Friday, August 30, 2013
Celebration of Life; The Day of the Dead - Oaxaca City, Mexico
El Dia del Muertos (The Day of the Dead) is popular celebration throughout Latin America, especially in Mexico. I know zombies are the flavor of the month in today’s popular culture, but that is not what this celebration is about.
The Day of the Dead is a Mexican holiday and is celebrated throughout Mexico. Family and friends get together to pray and remember their loved ones who have passed away. This is not a time of mourning, but rather it is a joyful celebration of life, food, friends and family.
The history of the Day of the Dead is a syncretism of Pre-Hispanic and Spanish customs. The celebration takes place on November 1–2, in connection with the Catholic holidays of All Saints' Day (November 1) and All Souls' Day (November 2).
In the beautiful colonial city of Oaxaca, Mexico I was able to take in the sights, sounds and smiles of the Day of the Dead.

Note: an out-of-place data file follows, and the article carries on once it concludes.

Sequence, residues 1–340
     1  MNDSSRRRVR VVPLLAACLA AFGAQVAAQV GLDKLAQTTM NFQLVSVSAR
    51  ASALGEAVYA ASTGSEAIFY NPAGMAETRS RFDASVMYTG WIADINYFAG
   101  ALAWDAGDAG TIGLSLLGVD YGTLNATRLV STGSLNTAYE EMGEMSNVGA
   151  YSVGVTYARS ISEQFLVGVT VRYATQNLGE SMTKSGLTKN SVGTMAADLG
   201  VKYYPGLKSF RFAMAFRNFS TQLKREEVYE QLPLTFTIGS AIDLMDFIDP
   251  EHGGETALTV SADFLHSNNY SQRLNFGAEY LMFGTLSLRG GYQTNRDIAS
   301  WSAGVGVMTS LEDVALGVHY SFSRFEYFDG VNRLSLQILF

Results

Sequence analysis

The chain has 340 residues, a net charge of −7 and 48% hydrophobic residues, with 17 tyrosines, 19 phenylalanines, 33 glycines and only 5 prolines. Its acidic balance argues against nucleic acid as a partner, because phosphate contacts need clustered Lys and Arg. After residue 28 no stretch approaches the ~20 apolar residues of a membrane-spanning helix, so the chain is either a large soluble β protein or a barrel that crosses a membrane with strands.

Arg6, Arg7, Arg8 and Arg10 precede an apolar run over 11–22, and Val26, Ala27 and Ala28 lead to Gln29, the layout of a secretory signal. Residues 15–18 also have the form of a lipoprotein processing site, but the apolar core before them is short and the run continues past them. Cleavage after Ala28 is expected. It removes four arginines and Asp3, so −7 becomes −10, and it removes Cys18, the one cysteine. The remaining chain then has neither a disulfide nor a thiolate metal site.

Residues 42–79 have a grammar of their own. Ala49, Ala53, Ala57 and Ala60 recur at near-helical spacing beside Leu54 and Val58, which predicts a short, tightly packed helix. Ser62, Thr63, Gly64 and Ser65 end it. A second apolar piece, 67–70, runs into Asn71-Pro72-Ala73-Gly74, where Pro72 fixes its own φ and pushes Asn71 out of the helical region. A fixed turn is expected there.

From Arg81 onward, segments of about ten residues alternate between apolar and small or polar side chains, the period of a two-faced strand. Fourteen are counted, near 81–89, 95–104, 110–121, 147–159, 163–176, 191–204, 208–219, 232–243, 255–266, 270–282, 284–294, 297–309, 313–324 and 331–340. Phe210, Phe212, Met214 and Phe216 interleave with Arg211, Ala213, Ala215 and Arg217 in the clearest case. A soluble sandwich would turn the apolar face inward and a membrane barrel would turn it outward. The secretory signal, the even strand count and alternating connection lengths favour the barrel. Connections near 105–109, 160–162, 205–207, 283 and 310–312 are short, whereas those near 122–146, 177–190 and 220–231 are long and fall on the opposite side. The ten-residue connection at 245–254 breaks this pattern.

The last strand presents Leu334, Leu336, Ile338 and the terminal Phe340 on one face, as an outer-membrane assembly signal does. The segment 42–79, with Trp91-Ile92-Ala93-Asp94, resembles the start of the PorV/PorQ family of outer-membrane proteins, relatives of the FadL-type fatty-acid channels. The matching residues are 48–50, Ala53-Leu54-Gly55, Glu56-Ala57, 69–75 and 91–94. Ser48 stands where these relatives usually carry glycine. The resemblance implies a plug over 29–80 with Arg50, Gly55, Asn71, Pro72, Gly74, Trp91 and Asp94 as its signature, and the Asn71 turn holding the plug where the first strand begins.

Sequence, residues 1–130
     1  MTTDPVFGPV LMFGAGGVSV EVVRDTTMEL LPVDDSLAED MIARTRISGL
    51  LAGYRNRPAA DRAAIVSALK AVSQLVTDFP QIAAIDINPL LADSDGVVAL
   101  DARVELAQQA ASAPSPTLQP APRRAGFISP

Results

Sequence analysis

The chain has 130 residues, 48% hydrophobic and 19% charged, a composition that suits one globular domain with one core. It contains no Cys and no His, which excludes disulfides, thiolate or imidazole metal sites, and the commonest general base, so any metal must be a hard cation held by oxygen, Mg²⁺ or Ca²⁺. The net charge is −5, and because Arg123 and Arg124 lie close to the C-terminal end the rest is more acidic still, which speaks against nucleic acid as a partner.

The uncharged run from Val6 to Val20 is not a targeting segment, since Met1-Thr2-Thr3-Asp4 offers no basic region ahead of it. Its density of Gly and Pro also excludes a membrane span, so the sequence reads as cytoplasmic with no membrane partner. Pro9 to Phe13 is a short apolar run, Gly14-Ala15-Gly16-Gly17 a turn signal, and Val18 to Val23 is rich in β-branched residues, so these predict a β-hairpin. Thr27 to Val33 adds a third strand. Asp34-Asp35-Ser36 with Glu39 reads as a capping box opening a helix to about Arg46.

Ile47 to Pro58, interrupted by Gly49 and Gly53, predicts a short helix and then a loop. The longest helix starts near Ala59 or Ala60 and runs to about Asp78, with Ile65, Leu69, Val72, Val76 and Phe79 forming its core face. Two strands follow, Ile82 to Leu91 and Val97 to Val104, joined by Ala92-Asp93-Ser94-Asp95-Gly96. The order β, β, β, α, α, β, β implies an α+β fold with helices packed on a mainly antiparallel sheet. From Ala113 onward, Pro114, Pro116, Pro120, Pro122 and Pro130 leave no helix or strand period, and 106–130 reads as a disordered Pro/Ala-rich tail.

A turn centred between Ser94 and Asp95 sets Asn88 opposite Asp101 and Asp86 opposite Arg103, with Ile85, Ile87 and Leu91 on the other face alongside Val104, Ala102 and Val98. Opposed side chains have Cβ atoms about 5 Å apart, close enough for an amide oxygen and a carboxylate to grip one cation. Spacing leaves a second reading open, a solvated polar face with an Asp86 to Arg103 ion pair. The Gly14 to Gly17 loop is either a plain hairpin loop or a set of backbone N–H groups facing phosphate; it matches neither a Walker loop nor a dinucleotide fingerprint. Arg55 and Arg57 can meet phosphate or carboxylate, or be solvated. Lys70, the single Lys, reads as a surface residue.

On the days leading up to November 1 and 2 (along with celebrating the Catholic holidays, on the 1st, people celebrate the lives of lost children, and on the 2nd they celebrate the spirits of adults) many parties erupt on the streets of Oaxaca. This is another Day of the Dead tradition called Comparsas which is a carnival-like procession of people in costume, dancing and wild music accompanied by a banda band (think Mexican Polka music).
In the morning, young children, dressed in costumes, parade around town on their way to school. These children comparsas circle around the town’s zocalo (public square) which makes for a vibrant public spectacle.
Of course I was not merely a spectator for this spirited celebration, I jumped right in with the comparsa! I took this photo of this young girl at a close distance since I had my Canon EF 50 mm f/1.8 II prime lens. Zooming with your feet and not with your lens barrel can yield some spectacular results.
Text and photo copyright by ©Sam Antonio Photography
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